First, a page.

Of the lessons taught during this field school, one of the most important is understanding the involvement with the community. As easy as it is to hide behind humongous dirt piles with trowel in hand and to keep the research to those who already know why it is vital, it would be counterintuitive to the purpose of archaeology. Teaching the community about the need to dig up artifacts and people from the past is more than just telling them stories about times of yore. It is revealing to them the connection between then and now. If history is of a repetitive nature describing the ways of human interactions and civilizations, then archaeology is the means by which evidence of that nature is found. Therefore, it is necessary because it provides the proof needed to support or disprove theories characterizing human nature.
Upon the subject of community involvement with Spike Island, O’Donnabhain explained that if there was just one thing he could emphasize the most to the public, as well as his students, it would be the relevance between past and present. For the prisoners, this field school and its research would be a chance to discover their identities as well as the voices behind them. Some of these voices were of the few who did not have a chance to speak before exiting the world. Many of the reports and documents left behind from when the prison was active are from the authority figures and not so much from the prisoners themselves.
Sinners and Saints
It may be easy to judge convicts because they are deemed by society to be criminal, bad or in some cases unworthy. But upon looking at the individual stories of each convict, as well as excavating a few of their remains, it is evident that there is more to consider than the fact that these men were in jail. At the end of the day, with biological minutia aside, their bones are no different than the law-abiding citizens. Humans are all the same. We differ only by our individual pasts, opinions and thoughts—none of which can be excavated years from now. This is why giving a voice to the dominated, subjected, indigenous and yes, even criminal is so critical, because at the time of their death, the social criteria by which they were judged may no longer hold true today. A sinner then may be a saint now.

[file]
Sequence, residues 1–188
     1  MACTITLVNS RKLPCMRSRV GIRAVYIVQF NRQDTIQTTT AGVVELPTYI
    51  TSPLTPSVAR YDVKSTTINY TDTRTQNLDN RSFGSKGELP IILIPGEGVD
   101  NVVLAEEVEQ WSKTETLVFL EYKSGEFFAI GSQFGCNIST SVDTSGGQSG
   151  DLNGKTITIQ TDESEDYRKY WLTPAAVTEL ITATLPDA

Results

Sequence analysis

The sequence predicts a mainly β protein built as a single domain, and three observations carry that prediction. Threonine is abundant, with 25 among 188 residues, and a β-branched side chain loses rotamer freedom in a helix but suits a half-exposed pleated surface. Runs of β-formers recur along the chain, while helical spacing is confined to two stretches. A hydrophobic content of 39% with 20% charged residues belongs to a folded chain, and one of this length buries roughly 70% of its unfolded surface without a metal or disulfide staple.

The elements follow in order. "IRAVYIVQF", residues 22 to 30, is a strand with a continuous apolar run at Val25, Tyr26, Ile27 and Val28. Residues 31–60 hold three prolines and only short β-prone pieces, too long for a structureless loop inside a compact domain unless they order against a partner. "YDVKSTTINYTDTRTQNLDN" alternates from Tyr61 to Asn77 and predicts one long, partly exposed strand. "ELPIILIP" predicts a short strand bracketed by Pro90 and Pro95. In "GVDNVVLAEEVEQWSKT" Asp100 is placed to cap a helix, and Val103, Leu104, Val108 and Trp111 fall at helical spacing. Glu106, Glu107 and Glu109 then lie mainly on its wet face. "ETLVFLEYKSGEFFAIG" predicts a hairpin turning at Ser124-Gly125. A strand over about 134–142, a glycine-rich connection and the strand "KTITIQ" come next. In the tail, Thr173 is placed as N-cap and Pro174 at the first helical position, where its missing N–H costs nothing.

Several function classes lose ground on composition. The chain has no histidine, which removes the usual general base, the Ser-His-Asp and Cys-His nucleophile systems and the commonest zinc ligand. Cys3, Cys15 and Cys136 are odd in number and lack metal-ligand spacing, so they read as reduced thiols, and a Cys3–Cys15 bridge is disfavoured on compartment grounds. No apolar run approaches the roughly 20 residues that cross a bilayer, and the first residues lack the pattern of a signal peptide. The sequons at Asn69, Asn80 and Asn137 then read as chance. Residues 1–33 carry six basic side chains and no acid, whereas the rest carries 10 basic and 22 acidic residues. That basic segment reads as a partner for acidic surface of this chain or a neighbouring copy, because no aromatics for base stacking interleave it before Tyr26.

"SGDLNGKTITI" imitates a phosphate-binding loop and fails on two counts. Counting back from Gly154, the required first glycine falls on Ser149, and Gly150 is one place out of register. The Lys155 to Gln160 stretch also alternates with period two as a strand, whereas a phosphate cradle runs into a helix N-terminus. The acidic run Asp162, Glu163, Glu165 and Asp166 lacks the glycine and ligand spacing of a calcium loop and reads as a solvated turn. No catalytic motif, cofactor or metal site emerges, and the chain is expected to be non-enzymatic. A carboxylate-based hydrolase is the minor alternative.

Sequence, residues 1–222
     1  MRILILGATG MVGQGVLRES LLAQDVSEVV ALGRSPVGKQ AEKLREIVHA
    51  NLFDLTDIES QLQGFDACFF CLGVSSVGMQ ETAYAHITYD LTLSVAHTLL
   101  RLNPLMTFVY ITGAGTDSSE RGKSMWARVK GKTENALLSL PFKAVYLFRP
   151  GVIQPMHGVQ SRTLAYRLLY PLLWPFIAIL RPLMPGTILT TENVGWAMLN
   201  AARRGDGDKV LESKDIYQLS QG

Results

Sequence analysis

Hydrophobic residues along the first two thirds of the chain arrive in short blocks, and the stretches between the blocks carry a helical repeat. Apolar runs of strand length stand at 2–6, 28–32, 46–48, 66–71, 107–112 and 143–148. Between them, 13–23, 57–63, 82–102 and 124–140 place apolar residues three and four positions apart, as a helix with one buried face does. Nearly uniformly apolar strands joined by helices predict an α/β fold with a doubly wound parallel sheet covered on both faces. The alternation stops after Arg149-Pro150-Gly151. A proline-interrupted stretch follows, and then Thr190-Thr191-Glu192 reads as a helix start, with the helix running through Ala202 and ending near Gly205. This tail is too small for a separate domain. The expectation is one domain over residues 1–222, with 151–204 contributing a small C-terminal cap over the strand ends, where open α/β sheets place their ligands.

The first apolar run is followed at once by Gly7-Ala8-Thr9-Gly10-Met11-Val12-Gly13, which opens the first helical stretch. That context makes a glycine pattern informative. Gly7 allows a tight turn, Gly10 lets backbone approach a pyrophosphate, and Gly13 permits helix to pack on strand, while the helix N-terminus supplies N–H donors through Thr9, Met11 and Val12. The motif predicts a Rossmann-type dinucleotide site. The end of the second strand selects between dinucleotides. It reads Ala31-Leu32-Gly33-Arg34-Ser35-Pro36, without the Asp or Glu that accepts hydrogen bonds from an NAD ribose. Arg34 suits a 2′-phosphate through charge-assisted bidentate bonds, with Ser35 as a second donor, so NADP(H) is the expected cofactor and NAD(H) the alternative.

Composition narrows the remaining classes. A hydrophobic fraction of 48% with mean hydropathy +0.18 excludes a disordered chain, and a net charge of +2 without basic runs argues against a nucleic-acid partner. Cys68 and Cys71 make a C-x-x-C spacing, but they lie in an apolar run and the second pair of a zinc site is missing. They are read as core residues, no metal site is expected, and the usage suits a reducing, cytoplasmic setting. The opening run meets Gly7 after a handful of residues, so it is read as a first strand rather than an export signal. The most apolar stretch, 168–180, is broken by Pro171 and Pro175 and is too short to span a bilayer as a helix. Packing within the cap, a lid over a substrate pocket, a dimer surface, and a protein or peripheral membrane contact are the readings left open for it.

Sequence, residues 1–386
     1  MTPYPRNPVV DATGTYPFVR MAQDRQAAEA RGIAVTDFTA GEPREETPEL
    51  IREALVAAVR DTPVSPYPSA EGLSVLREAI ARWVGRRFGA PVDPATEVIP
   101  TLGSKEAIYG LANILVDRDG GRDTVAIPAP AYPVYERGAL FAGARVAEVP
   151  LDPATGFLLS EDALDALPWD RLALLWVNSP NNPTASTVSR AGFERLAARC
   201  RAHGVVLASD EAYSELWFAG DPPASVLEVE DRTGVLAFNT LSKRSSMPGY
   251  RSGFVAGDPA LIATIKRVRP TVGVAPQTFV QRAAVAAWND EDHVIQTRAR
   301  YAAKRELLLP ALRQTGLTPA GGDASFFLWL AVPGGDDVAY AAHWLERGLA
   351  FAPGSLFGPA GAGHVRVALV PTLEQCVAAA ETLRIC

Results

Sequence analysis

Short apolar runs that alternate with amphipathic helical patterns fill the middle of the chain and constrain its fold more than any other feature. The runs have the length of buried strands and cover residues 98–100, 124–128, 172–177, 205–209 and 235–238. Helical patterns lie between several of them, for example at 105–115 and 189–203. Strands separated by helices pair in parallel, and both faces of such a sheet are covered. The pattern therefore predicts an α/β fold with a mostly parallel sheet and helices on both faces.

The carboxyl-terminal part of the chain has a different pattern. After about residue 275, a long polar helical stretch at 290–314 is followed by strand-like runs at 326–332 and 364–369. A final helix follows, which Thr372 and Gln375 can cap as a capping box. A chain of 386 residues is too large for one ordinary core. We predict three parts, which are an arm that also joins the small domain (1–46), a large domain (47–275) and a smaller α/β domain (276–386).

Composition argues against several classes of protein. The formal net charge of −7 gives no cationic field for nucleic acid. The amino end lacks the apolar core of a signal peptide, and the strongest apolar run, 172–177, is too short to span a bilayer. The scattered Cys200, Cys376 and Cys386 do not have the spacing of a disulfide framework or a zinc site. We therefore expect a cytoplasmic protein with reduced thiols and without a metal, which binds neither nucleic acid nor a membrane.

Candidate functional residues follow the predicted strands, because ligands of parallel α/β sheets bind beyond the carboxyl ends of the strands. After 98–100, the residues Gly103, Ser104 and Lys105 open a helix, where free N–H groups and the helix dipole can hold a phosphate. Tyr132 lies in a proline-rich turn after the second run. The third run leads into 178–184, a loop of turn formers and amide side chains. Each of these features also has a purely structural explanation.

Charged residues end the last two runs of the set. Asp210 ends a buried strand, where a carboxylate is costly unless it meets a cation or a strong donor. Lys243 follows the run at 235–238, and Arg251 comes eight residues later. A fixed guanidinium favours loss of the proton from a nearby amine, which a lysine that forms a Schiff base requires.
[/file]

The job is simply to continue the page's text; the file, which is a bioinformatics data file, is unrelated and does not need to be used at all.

Above all, archaeology is a humbling field. It is relentless in its endeavors to prove the humanity of our actions and the effects those actions have on the world around us. Everything found is proof of life and growth, which can later be used to teach the importance of learning from our pasts. In terms of Spike Island, past social institutions, such as prisons, can serve as a relative comparison for how present social institutions are today. If archaeologists hundreds of years from now were to examine the skeletons of modern-day prisoners as well as their demographics, what patterns would they find?
Archaeology forces its students to reexamine history based on artifacts recovered underneath layers of passed time. In some areas it requires physical labor and in others it requires meticulous analysis in laboratories; in all cases, it requires an objective outlook on what could have happened—something we will never truly know. Yet, the effects could succeed in sustaining cultures on the verge of being lost, bringing to light truths that at one time were concealed, and in Spike Island’s case identifying souls who have rested in anonymous peace for too long.
Southerton, Morris and Doyle have had their moments of misfortune. Their bodies have long been laid to rest and all that is left of them is what has been portrayed by a society that imprisoned them. Every story depends on the writer. Archaeology is eternal for that very reason — perhaps a new artifact is unearthed contradicting prevailing theories or maybe a new generation of students come along who interpret the artifacts differently. Innovation grows from the prevailing train of thought. Something that will never change is the legacies we leave behind. For the prisoners, their legacies were written for them.
(All photos taken by KimberMarie Faircloth)